Finished the series and very sad there are no more. Maybe in the future. Quick and easy reads. Format: Paperback. Cadogan Cain and his wife Angie are back again, and this time immersed in the vagaries and dangers of messing with Hollywood. Well written characters and the tension and dramas that ensue allow for an enjoyable read with this new book in the series.
Highly recommended. See both reviews. Amazon Giveaway allows you to run promotional giveaways in order to create buzz, reward your audience, and attract new followers and customers. Learn more about Amazon Giveaway. Set up a giveaway.
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AmazonGlobal Ship Orders Internationally. Amazon Inspire Digital Educational Resources. Amazon Rapids Fun stories for kids on the go. ComiXology Thousands of Digital Comics. DPReview Digital Photography. East Dane Designer Men's Fashion. Betty touched them tenderly: her husband's title-deeds, so to speak, to the honour and respect she bore him. Looking at them she blushed faintly, thinking of the warmer sentiment they had provoked.
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As she blushed her glance fell upon the sermon she had just picked up. This bore no text, but across it, in Archibald's handwriting, were two words: Whit-Sunday, Westchester. The words provoked a score of memories. Once more she knelt in the chancel of that splendid fane, hearing the flute-like notes of the boy; once more she was conscious of being whirled aloft to ineffable heights. Then she dropped to earth as suddenly, with a vivid realisation that if this sermon had never been preached, she would not be here in this house, the wife of the preacher.
With this reflection came a desire to read the sermon. She laid it aside, while she finished the work of replacing the other MSS. Then she closed the desk, and discovered that the lock was hampered. She was wondering whether she ought to seal it, when she remembered that it would be easy to lock up the room. The light was failing, yet the fancy took her that she would like to read her husband's sermon in her own room, overlooking the river as it flowed to the sea.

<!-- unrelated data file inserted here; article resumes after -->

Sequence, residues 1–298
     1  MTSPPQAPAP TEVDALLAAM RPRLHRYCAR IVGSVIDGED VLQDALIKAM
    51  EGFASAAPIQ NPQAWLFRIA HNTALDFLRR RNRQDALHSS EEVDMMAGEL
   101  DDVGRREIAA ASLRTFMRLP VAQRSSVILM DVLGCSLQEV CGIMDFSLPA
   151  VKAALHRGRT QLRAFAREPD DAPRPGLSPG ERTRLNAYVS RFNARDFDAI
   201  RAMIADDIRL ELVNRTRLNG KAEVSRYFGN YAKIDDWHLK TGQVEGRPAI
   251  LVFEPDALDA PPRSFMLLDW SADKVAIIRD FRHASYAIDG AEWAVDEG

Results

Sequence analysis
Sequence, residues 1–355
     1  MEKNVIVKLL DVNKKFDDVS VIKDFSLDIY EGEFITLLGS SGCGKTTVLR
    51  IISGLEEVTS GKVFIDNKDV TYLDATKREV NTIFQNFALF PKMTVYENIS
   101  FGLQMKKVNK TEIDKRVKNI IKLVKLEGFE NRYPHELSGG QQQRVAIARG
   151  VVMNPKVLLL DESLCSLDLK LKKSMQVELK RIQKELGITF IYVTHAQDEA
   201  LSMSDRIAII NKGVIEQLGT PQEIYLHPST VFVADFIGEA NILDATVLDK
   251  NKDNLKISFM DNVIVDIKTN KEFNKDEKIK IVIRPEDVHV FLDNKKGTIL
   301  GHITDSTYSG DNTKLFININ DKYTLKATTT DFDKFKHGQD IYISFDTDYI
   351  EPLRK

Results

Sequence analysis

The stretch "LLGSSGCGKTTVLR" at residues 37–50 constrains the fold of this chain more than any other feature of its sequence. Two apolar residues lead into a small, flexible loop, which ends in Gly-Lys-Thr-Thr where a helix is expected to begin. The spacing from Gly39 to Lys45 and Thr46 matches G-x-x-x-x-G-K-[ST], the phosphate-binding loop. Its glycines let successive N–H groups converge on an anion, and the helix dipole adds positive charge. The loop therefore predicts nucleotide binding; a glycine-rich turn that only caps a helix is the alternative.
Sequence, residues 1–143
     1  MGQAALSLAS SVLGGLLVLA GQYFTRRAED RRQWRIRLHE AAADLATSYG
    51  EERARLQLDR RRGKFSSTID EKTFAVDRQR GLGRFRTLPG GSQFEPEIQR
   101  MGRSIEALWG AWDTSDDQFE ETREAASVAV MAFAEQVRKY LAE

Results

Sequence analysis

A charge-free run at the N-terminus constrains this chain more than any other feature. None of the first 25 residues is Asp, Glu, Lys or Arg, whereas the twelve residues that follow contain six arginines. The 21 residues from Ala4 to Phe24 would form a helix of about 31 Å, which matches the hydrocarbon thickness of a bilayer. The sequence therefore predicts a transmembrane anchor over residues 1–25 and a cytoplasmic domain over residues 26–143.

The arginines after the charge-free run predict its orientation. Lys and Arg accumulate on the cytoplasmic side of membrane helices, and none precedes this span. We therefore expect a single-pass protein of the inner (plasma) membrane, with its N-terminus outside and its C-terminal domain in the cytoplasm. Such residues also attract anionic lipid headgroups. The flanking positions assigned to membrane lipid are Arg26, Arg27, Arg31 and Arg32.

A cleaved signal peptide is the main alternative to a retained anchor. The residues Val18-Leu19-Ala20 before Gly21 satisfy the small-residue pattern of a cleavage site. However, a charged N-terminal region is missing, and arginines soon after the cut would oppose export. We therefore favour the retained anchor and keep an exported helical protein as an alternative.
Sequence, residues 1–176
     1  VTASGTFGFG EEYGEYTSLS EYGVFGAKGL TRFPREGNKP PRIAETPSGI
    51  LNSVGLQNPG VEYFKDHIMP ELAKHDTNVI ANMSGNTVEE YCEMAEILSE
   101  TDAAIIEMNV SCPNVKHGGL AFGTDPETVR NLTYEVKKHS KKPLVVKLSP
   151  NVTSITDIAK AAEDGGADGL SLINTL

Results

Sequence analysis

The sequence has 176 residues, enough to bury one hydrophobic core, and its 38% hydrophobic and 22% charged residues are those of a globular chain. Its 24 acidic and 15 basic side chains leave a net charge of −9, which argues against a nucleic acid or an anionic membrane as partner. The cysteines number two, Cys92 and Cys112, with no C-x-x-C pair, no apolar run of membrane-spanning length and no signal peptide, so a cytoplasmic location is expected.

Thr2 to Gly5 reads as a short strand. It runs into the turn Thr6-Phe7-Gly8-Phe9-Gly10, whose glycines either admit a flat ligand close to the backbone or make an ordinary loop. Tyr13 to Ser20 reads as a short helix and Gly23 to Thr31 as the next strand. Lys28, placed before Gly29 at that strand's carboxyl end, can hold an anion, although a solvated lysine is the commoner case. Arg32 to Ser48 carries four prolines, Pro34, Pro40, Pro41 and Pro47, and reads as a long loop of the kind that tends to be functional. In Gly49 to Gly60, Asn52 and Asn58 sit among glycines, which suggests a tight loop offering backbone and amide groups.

She went upstairs carrying the MS. The sun was about to set; and the river ran red, no longer golden. Shadows obscured the city beyond. A mist was stealing up from the east, and the barges floating into it were swallowed up. Betty unrolled the MS. But at the first glance she blinked, as if her eyesight were deceiving her.
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Then with a muttered exclamation of surprise, she held the sheets of blue foolscap to the light, and examined them attentively. The MS. Here and there words were interpolated or excised. In the margin were her husband's notes, but the MS. What did it mean? She read it through. Yes: as it was written, so it had been preached, and it had been written by Mark! It's alright if you just wanted to own me. But you should not have helped Molly leave me! Molly, who wants to run away from Brian, seems to be the only one to blame for Hannah's misfortune She rolled up the MS.